______________________________________________________________

Leadership Group on U.S.-Muslim Engagement

The Leadership Group on U.S.-Muslim Engagement drives the project.

The Leadership Group includes a former Secretary of State and a former Deputy Secretary of State, former members of Congress, a former U.S. envoy on the Middle East peace process, and leaders and experts from business, faith communities, foreign policy, social sciences and related fields. One third of the group is Muslim-American. The participating leaders have been drawn together by their collective recognition of the issue’s urgency and the need to create wise, broadly supportable solutions. In four plenary meetings and numerous exchanges since January 2007, they have reached an extraordinary convergence of views and have committed to see the project through to completion.

Leadership Group Members

Organizational affiliations are listed for identification purposes only.

  • Madeleine Albright, Principal, The Albright Group LLC; former U.S. Secretary of State
  • Richard Armitage, President, Armitage International; former U.S. Deputy Secretary of State
  • Ziad Asali, President and Founder, American Task Force on Palestine
  • Steve Bartlett, President and Chief Executive Officer, Financial Services Roundtable; former U.S. Representative; former Mayor of Dallas, Texas
  • Paul Brest, President, The William and Flora Hewlett Foundation
  • Red Cavaney, President and Chief Executive Officer, America Petroleum Institute
  • Daniel Christman, Lt. General (ret.), U.S. Army; Senior Vice President for International Affairs, U.S. Chamber of Commerce
  • Stephen Covey, Co-Founder and Vice Chairman, FranklinCovey; writer, speaker, and academic
  • Thomas Dine, Principal, The Dine Group; former Executive Director, American Israel Public Affairs Committee
  • Marc Gopin, James H. Laue Professor of World Religions, Diplomacy and Conflict Resolution; Director, Center for World Religions, Diplomacy and Conflict Resolution, Institute for Conflict Analysis and Resolution, George Mason University
  • Stephen Heintz, President, Rockefeller Brothers Fund
  • Shamil Idriss , Chairman of the Board, Soliya
  • Daisy Khan, Executive Director, American Society for Muslim Advancement
  • Derek Kirkland, Advisory Director, Investment Banking Division, Morgan Stanley
  • Richard Land, President, The Ethics & Religious Liberty Commission, Southern Baptist Convention; Member, U.S. Commission on International Religious Freedom
  • Robert Jay Lifton, Lecturer on Psychiatry, Harvard Medical School; author of Superpower Syndrome
  • Denis J. Madden, Auxiliary Bishop of Baltimore; former Associate Secretary General, Catholic Near East Welfare Association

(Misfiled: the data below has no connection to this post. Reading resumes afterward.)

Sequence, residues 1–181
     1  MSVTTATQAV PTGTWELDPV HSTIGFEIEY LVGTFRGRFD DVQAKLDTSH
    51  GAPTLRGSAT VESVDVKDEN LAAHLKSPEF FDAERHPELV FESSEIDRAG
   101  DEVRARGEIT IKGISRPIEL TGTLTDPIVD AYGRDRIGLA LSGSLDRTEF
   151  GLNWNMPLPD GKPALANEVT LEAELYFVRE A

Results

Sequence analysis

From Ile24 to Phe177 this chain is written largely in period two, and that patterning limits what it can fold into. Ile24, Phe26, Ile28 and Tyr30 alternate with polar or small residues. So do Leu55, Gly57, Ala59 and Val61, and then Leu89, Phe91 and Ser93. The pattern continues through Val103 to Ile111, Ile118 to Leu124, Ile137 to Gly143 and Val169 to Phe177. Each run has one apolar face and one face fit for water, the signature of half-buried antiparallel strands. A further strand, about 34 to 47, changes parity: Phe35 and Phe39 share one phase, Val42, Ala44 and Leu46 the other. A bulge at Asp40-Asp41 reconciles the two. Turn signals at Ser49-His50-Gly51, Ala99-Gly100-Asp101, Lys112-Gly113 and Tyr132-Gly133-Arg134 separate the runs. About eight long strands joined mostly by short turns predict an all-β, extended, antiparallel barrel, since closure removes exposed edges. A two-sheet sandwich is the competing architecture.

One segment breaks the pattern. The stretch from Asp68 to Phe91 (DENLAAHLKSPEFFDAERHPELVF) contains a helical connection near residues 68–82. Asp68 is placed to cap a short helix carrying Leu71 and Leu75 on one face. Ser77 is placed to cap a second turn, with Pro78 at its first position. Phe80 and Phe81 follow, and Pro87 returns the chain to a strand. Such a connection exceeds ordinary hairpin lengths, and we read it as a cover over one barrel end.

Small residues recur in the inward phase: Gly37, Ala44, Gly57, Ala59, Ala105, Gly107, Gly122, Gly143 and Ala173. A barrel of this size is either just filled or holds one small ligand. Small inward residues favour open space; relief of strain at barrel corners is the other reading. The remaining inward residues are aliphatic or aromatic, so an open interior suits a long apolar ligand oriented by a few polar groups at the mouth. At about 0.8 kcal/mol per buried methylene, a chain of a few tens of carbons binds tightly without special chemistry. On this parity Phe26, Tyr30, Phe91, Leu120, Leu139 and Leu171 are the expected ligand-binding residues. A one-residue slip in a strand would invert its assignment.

• John Marks, President and Founder, Search for Common Ground
  • Susan Collin Marks, Senior Vice President, Search for Common Ground; author of Watching the Wind: Conflict Resolution during South Africa’s Transition to Democracy
  • Ingrid Mattson, President, The Islamic Society of North America; Professor of Islamic Studies and Director of Islamic Chaplaincy, and Director, Duncan Black Macdonald Center for the Study of Islam and Christian-Muslim Relations, Hartford Seminary
  • Sayyeda Mirza-Jafri, Strategic Philanthropy Consultant
  • Dalia Mogahed, Executive Director, Gallup Center for Muslim Studies; co-author with John Esposito of Who Speaks for Islam? What a Billion Muslims Really Think
  • Vali Nasr, Professor of International Politics, The Fletcher School, Tufts University; Adjunct Senior Fellow for Middle Eastern Studies, Council on Foreign Relations
  • Feisal Abdul Rauf, Imam, Masjid al-Farah in New York City; Founder and Chairman, Cordoba Initiative; author of What’s Right with Islam Is What’s Right with America
  • Rob Rehg, President, Washington, DC office, Edelman
  • Dennis Ross, Consultant, Washington Institute for Near East Policy; former U.S. Special Middle East Envoy and Negotiator
  • S. Abdallah Schleifer, Distinguished Professor of Journalism, American University in Cairo; former Washington Bureau Chief, Al Arabiya news channel; former NBC News Cairo bureau chief
  • Jessica Stern, Lecturer in Public Policy, Harvard Kennedy School of Government
  • Mustapha Tlili, Director, Center for Dialogues: Islamic World-U.S.-The West, New York University
  • William Ury, Co-Founder, Program on Negotiation, Harvard Law School; co-author of Getting to Yes
  • Vin Weber, Managing Partner, Clark and Weinstock; Chairman, National Endowment for Democracy; former U.S. Representative
  • Daniel Yankelovich, Founder and Chairman, Public Agenda; author
  • Ahmed Younis, Senior Analyst, Gallup Center for Muslim Studies; former National Director, Muslim Public Affairs Committee
  • Dov S. Zakheim, Vice President, Booz Allen Hamilton; former U.S. Under Secretary of Defense (Comptroller)